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considerable degree to wear away extended to all the other states that quick relill, and keen ap- that compose the Germanic body. petite for war, which great and Upon the whole it would almost untried force and talents, acting seem, as if fortune, who had so under the fanguine hopes of yet often wonderfully befriended that unfoiled ambition, are so emi- hero, and whose apparent defernently calculated to excite. tions of him in cases of great

We have heretofore shewn, that danger, (which were no less conthis .was not so much a war of spicuous than her favours) always choice, as of prudence, foresight, tended ultinately to the increase and political necessity, on the side of his fame, was now anxious to of the King of Prussia. He , affix a new stamp to the renown made no claims; he had no im- of her old favourite ; and of clomediate object of enlarging his fing his great military actions by dominions in view ; nor if he had, a war, in which he was to ?pwas the present state of public pear, rather as the generous pro. affairs in any degree favourable tector of the rights and liberties to such a design. Neither his of the Germanic body at large, time of life, his great experience than as adling-at all under the in' war, nor the full knowledge influence of any partial policy. he had of the power and ability On the other side, the past of his adversary, were at all cal- campaign had afforded a full conculated to excite a fpirit of en viction in the emperor, (a prince terprize. On the contrary, the prepared for war beyond almost delire of settling, improving, and any other, by the fine itate of his consolidating with his antient armies, and the refurces of his people and dominions, the new own indefatigable and refolute subjects and acquisitions he had fpirit) of the immense difficulty, gained on the side of Poland, to- · of making any successful impresgether with that itill stronger fion upon such an adversary as wish, of transmitting a peaceable the King of Prusia. With so poflellion, and undiminished force valt a force, and aflisted by such to his successor, were objects confummate commanders, he which tended powerfully to dif- could only act upon the defen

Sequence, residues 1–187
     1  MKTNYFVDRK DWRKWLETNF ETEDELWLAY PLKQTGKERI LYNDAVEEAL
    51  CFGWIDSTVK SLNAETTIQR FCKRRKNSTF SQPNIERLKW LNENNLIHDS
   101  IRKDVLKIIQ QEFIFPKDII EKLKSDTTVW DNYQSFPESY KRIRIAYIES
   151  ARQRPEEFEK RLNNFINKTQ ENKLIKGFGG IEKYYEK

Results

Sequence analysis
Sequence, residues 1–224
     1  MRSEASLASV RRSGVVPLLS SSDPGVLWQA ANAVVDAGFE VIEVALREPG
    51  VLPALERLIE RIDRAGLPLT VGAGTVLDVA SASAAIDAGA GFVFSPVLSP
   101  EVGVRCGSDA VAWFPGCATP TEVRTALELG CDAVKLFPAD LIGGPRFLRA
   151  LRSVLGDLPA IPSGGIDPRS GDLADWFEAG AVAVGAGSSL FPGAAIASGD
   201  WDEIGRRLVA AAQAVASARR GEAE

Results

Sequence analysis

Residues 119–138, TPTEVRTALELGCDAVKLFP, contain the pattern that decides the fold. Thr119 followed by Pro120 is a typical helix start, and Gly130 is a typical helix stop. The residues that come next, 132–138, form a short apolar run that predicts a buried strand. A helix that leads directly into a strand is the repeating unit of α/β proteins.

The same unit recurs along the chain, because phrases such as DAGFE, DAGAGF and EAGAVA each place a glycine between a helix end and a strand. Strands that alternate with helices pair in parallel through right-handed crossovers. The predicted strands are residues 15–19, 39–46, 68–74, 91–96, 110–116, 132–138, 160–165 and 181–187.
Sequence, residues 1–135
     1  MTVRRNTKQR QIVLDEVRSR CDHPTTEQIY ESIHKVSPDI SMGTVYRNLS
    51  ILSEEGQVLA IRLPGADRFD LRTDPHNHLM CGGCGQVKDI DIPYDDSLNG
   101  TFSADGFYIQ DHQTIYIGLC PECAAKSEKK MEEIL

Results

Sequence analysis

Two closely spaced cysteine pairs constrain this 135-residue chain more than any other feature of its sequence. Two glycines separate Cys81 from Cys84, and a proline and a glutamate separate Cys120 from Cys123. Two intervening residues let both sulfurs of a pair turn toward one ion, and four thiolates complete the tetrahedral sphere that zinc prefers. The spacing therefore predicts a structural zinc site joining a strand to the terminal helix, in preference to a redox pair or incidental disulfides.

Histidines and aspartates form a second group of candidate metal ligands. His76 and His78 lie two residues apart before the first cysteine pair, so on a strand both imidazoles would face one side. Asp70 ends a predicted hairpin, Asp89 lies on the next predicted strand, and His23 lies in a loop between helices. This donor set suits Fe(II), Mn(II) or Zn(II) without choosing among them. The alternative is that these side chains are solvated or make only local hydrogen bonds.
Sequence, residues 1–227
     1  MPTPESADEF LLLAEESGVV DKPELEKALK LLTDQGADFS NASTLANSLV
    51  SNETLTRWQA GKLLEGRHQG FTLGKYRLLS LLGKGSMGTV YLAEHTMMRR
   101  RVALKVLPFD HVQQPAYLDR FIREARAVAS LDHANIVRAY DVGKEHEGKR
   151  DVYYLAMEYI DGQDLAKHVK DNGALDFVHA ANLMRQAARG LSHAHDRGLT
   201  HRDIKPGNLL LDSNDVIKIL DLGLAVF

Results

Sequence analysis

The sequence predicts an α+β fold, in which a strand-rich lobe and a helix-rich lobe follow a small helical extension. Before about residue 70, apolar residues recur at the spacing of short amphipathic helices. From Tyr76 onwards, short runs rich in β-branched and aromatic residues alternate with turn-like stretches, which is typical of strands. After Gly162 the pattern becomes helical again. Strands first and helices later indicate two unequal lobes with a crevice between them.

pofe him to the preservation, fo five; and could not prevent his : far as it tould be properly and own dominions from being ren

wisely done, of the public tranqui- dered the theatre, and being conlity.

sequently subjected to all the ca.... But no motives, however co lamities of war.

It was true ingent, could justify to him, in a deed, and no small matter of boast political view, the admitting of in such a conteit, that he had sufany

considerable addition of fered neither defeat nor disgrace ; strength and dominion, to the that the enemy had been obliged power of the house of Austria ; to abandon Bohemia, notwithmore especially, when this addi- ftanding their utinoit endeavours tion was to establim à precedent to establih a focure footing there of innovation and dismemberment, during the winter ; and likewise, which might in time be equally that the losses on both sides were